By shortly after lunch we merge with the Chicago Sanitary Bypass and traffic gets heavier. A few miles later we encounter the 19'1" bridge--our entire way home depends on getting under this bridge. Bill moves from the pilot house to the bridge, and navigates under duress (the arch is down and in his way), so that he can see better. They inch toward the bridge. It's looks terribly low. Both of us feel our heads will hit the bridge and if they do, it will be tearing the arch and much of the bridge superstructure off, too. Foot by foot we approach, and with rags prepared to serve as buffers, we get to the edge of the superstructure. We're going to make it, by three inches! Bill can chin himself on the girders of the bridge. We're on our way home! Wow! We're both shaking and hyperventilating, but we're under the bridge.
Within a few miles we're in the second lock, and meet up with four other pleasure boats heading south. The largest is another boat the size of Interlude called Amori. We docked adjacent to them in Burnham Marina in Chicago. They're of a different design, lower in superstructure, and came down the Chicago River. But, we meet within minutes of each other, and check in. They're going to the same location down river, and agree to assist each other in raising radar arches once we're docked. Peter and Margo are from Canada, doing a year plus cruise with their children and a parent.; We hope to get to know them better as we travel together. Wild Rose, a Krogan 49, is also with us. We've seen them before, too.
We pass third lock, and interestingly, we call the lockmaster and he indicates we can tie up to the port wall while the other four boats are required to tie up to starboard. This is a break for us because our huge fenders are set for port tie-up from the previous lock. What a break. We pull into the lock and the lockmaster asks us if we're a passenger ship or a private yacht. What a strange question! Of course, we're a private yacht. Then he explains that only steel hull, passenger ships are permitted to use the floating billiards in the locks. Well, friends and neighbors, these floating billiards are the best thing going (see Current Photos). We can wrap a single large line, close hauled around the bolland, and float to the bottom of the lock--more than 40 feet. This is probably 10,000 times less stress than holding the lines fore and aft. So, naturally, we indicate to the lockmaster that we're a steel hulled passenger vessel with Coast Guard registration. We're not stupid. So, we tie to the billiards, and enjoy the ride to the bottom of the lock. No sweat, no strain. (Why is he being so nice to us, am I supposed to slip him a $20 or something???) Nevertheless, this is the most pleasant lock yet--we literally stand around and watch the process.
By 4:00 PM, after 50 miles of industry, locks, and barge traffic, we dock at Harborside Marina in Wilmington, IL, south of Chicago. A really nice marina with really nice people. Wild Rose and Amori also dock with us. As agreed, I hike over to Amori and help Pete raise his radar arch. His wife and mother, and two kids pitch in and the job is done in less than half an hour. I return to Interlude and prepare for their arrival so we can do the same.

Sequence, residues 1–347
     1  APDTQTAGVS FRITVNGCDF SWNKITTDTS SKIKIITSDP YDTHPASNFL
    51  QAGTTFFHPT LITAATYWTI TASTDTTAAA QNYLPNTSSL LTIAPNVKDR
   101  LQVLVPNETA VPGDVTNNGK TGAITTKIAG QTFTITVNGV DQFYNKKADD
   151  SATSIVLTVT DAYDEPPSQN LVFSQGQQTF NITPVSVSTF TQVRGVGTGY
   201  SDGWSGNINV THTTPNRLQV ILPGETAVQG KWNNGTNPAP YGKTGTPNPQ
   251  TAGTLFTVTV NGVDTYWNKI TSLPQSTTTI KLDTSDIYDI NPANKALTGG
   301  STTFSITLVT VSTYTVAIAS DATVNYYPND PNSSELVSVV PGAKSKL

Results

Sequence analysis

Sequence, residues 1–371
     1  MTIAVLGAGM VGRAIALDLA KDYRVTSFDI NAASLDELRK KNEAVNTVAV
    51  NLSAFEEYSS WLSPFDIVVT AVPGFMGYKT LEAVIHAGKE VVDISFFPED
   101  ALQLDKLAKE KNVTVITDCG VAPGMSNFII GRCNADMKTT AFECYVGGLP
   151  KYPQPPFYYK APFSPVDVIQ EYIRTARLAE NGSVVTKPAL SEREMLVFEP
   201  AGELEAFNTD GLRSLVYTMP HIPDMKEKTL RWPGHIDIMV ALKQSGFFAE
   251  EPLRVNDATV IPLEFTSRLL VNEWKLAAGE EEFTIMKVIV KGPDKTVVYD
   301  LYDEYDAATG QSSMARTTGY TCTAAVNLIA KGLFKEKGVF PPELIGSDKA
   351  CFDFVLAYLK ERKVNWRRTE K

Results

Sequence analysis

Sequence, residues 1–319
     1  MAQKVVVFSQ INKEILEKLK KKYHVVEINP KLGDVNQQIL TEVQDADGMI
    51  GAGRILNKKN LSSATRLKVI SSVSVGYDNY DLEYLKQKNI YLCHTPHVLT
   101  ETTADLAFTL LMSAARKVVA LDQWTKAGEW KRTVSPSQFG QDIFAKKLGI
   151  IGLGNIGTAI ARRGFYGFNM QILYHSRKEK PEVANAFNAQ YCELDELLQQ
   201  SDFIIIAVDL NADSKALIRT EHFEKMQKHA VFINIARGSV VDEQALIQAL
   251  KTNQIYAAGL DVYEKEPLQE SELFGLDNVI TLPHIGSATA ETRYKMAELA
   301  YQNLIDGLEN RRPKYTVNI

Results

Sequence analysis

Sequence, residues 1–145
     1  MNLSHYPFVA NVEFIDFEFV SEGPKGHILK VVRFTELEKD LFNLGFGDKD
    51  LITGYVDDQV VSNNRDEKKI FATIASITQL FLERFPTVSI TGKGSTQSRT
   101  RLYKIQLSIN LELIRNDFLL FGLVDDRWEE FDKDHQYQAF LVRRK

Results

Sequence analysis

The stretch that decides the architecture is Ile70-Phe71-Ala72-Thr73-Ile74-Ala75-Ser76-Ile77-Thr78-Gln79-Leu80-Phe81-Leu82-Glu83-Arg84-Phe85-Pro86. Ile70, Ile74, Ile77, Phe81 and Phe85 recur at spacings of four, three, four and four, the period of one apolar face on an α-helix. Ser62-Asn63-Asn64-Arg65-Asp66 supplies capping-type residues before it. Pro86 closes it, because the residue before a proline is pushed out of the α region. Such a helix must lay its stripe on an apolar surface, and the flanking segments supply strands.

With a minimum of struggle we reverse the lowering process and return our arch to the upright position. Thank goodness it is over. That arch weights almost a thousand pounds, and spans nearly 20 feet. But, we succeed with no hitches. Pete and Margo return to their boat, and the two of us spend another hour restoring the bimini (less the canvas which we'll leave off for the time being). Then we do a quick washdown of the main deck and discover there is an oily coat on Interlude that doesn't seen to want to wash away with water. Tomorrow, if we have time, we'll mix some Simple Green and give it a good scrubbing.
In the morning Jan had begun a crock pot stew loaded with fresh vegetables and fresh herbs and by the end of the day, the smell is irresistible. What a gourmet! We have a wonderful dinner with a bottle of young Burgundy. Yummy.
All in all, this was a tension filled day that passed without problem. What a relief. Our plan tomorrow is to double our mileage (we made 51 miles today). We're now in the Des Plaines River, and tomorrow we'll merge with the Illinois River. While it is an important river route for tugs and barges, there isn't much for pleasure boats, so we'll try to make some distance. We plan to travel with Wild Rose and Amori so we're in good company.
Saturday, October 2, 1999. Well, friends, neighbors, and teeny boppers of all ages, this has been a day of high adventure and extreme beauty. We arose at 5:30 AM with the plan of a 6:15 departure. At six we called the lockmaster just south of us for a status update. Guess what, an hour wait, but that's OK because at 6:15 it is still dark in Central Daylight Time. So, we wait, and at 7:00 we depart and make it through the first lock. There are a total of three pleasure boats: Interlude, Amori, and Dutchess. Dutchess is also a St. Pete boat -- from Bacopa Bay, across the street from Bayway Isles in Isla Del Sol. Small world.